Father Zacharias Dionysiates (1909-2000)12 October 2015
Over the long course of my monastic life (1964-2015) I’ve known a host of monks who are now in the Church of the First-Born in the heavens. Of these a good number quitted the outside world in the flower of their youth, others in middle age and yet others in their declining years. I’ve known holy men from all of these ages. Some of them, indeed, had previously been married. The life they led earlier is of no importance, what matters is the life they led after they’d heard and submitted to the call from heaven. Saint Peter was married, but once he’d heard the call he followed the sound of the voice of Christ, his Teacher, to such an extent that he felt able to say to the Savior: ‘Behold, we have left everything to follow you’ (Matth. 19, 27). But if we examine their Christian way of life before they became monks, we see that even when they were still in the outside world they practiced the virtues and observed the Gospel commandments. Saints Xenofon and Maria became monastics at an advanced age, yet outstripped in virtue their children who’d been tonsured at a young age. Saint Symeon, the founder of the Holy Monastery of Hilandar, even though he was already elderly when he followed his son Savvas into the monastic life, is still known as ‘myrrh-exuding’, because after his death his tomb smelled of fragrant myrrh and, to this day, performs countless miracles.
Recently quite a number of monks have gone to the Holy and Great Monastery of Vatopaidi from having been married in the world and they have left an indelible mark with their exemplary obedience. Among these were the late fathers Filaretos, Ioakeim, Ermolaios, Tryfon and others, which the Monastery would do well to present in greater depth as an example to the younger brothers.
Another rose that blossomed late in the desert was a monk in our own Holy Monastery of Dionysiou, a man who, even though he was already old when he renounced the world, still managed to outdo in virtue many of those who had been tonsured young.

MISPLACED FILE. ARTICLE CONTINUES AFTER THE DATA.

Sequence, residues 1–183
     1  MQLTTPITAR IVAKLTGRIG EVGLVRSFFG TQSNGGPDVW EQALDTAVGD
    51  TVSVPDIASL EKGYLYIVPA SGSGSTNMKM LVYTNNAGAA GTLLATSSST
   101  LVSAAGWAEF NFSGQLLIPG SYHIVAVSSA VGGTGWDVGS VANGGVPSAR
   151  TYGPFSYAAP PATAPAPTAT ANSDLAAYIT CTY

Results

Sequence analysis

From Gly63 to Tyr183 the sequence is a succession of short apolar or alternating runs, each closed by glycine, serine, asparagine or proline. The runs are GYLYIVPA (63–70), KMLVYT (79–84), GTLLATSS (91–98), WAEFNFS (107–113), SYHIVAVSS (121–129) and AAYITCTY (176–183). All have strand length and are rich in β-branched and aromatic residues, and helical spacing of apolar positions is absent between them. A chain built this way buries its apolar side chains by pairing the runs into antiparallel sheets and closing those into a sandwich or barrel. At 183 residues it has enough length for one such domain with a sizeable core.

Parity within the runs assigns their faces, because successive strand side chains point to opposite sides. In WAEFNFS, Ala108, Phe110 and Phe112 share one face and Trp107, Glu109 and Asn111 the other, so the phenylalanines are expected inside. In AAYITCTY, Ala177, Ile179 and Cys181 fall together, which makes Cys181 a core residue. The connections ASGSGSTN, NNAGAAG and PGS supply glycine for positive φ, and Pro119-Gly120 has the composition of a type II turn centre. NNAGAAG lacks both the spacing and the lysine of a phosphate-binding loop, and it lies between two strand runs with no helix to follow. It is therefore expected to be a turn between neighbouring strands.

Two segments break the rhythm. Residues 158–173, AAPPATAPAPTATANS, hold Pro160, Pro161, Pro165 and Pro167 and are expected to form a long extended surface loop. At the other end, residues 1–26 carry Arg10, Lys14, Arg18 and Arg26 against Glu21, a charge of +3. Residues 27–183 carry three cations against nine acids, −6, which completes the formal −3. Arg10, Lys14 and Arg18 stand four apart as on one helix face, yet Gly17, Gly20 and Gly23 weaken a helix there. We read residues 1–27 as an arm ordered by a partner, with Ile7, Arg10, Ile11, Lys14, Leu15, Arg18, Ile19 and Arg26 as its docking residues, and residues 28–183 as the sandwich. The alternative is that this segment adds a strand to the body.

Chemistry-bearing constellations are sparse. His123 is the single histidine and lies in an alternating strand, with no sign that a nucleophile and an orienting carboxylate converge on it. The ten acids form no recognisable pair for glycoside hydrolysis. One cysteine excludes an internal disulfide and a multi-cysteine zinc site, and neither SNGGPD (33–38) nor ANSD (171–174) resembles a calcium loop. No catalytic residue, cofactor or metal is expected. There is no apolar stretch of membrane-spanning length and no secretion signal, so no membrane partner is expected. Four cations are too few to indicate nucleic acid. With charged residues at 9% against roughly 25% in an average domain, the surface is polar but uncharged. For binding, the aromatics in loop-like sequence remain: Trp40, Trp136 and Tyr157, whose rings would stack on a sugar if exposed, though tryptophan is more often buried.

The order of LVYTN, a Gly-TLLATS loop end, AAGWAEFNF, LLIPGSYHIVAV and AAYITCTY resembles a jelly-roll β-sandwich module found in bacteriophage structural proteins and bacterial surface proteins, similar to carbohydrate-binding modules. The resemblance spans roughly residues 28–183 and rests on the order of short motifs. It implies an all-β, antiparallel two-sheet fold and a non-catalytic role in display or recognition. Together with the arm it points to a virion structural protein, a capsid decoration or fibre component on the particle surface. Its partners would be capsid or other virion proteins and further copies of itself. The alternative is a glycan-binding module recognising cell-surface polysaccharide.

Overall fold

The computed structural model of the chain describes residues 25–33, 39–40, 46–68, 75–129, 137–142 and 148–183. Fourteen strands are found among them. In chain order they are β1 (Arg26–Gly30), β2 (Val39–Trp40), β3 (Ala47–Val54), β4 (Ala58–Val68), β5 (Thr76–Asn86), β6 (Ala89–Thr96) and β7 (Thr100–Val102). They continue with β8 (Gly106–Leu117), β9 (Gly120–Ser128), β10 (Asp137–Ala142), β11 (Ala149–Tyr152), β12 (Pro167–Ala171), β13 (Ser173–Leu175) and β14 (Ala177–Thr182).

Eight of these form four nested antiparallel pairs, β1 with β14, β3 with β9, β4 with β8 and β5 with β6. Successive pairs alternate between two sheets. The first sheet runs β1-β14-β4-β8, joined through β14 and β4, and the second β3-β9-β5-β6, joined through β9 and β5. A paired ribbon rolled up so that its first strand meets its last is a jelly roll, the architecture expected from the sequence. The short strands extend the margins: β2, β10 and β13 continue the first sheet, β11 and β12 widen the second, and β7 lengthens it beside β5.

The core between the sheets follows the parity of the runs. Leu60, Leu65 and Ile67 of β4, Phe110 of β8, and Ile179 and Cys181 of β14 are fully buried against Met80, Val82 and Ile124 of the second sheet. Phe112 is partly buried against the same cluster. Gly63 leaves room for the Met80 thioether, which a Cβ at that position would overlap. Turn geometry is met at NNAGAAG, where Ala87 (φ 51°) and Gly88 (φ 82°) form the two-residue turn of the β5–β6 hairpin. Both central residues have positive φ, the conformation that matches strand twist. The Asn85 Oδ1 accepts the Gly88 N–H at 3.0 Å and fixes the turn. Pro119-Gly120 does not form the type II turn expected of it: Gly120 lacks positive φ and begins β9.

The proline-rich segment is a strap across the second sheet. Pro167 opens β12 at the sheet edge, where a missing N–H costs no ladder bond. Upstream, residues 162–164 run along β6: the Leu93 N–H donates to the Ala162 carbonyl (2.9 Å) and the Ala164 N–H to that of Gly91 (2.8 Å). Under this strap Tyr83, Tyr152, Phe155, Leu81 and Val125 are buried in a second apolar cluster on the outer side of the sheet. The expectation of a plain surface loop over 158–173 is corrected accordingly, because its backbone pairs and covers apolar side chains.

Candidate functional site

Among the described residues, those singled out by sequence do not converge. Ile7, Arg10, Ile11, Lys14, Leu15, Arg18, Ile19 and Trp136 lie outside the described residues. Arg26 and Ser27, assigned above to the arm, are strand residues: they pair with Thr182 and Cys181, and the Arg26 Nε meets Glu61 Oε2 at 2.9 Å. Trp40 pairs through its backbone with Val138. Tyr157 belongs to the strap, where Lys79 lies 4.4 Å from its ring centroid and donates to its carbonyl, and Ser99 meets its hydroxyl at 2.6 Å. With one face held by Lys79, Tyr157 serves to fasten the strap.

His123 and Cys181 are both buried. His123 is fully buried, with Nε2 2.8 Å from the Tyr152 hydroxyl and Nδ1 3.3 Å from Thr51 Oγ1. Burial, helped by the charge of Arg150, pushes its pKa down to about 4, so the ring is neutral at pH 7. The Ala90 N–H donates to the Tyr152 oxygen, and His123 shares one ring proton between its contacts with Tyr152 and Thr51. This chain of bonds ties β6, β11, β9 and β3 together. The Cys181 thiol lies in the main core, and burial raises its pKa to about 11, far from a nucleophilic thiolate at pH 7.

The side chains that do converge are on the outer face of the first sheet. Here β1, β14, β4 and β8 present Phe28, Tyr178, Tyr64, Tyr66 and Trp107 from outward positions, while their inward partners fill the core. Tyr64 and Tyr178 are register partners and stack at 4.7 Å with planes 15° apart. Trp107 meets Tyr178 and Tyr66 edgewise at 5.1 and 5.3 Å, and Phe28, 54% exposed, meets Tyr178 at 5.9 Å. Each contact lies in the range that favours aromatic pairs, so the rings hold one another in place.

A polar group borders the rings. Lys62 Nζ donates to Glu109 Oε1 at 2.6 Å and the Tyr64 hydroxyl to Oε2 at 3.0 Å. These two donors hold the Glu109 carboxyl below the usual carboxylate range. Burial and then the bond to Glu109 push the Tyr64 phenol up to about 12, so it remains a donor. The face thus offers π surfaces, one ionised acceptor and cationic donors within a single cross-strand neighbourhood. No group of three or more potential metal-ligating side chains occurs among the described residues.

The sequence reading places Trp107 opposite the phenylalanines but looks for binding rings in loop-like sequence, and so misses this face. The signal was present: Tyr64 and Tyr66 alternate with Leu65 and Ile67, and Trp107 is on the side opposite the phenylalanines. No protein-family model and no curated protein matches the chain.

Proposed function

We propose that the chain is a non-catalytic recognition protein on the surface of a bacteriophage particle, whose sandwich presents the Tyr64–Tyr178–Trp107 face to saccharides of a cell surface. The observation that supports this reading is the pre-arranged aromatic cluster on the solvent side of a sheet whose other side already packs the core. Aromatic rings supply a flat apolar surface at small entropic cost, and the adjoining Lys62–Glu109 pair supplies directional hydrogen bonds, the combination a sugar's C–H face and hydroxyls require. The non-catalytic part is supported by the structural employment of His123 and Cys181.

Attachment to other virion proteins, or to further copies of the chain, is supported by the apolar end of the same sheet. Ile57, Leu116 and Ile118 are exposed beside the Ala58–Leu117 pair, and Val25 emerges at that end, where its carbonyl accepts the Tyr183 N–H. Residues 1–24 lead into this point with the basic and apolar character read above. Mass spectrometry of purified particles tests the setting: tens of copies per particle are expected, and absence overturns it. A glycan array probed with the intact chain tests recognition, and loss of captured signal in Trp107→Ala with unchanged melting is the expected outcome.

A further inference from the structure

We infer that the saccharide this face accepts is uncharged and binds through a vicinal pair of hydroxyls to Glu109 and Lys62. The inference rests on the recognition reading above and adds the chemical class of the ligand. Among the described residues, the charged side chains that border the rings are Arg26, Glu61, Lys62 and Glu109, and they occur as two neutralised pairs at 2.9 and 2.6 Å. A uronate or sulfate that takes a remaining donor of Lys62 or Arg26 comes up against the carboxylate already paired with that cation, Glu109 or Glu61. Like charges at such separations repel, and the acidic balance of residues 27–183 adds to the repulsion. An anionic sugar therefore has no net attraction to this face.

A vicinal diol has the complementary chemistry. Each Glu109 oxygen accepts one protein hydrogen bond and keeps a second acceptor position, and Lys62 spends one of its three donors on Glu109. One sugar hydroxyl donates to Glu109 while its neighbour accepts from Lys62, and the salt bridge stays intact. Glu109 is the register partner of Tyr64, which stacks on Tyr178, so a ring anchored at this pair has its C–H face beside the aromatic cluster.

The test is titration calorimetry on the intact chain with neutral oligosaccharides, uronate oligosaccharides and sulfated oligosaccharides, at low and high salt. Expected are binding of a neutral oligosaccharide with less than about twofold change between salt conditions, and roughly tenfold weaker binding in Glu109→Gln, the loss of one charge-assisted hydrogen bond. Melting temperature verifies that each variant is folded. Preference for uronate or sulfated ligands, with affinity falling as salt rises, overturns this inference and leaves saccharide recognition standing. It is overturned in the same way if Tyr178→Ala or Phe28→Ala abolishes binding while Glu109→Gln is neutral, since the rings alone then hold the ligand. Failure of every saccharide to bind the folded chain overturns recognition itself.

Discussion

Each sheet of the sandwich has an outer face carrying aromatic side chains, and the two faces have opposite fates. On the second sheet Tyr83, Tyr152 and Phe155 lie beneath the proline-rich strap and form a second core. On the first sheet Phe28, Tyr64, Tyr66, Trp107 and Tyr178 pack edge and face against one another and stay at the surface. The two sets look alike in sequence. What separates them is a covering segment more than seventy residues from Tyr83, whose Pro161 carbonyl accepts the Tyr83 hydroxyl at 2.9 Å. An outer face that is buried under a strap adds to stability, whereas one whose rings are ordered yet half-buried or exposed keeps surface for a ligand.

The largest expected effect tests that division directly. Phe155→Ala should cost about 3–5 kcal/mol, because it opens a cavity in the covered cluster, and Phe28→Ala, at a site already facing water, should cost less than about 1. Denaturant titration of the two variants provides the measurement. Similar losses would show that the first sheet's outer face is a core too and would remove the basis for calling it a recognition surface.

As a layman, this monk was known as Yorgos Bousoulengas, but when he adopted the monastic habit he was renamed Zacharias.
Yorgos came from Veria and was born to devout parents in 1909. From childhood he was hard-working and obedient to his parents. In fact, in order to earn a living and to help his parents financially, he became one of the best cheese-makers of his day.
In 1929-30 he was invited to Turkey, to make cheese on a large farm which had thousands of sheep and goats. As a master of his craft, Yorgos made such wonderful cheese that it became famous everywhere. The Aga saw this, thought a while and then one day said to his wife: ‘We won’t find a better husband for our daughter. Agreed? Agreed”. So he summoned his employee and said, ‘Well, Yorgos, do you see how enormous this farm is, with its animals, trees and houses? It’ll all be yours. All I have is an only daughter. I’ll marry the two of you off and it’ll all be yours’. How did Yorgos react? Without a second thought, he answered: ‘Sir, never mind the farm. Even if you give me the whole world I won’t change my faith’. The Turk insisted, but so did Yorgos. In the end the Turk became frustrated and picked up a big sword and threatened him, saying: ‘Either you accept my daughter or I’ll cut your head off’. But the brave confessor, who was quite prepared to suffer martyrdom, bowed his neck. ‘There you are, sir, cut it off’. Then his master did an about-face and set the scimitar aside. He embraced him and said, in admiration: ‘Well, done, young man. You’re really something, Yorgos, that you’d bare your neck for your faith’. And from then on the Aga held him in special admiration, because he realized what an honorable person he was.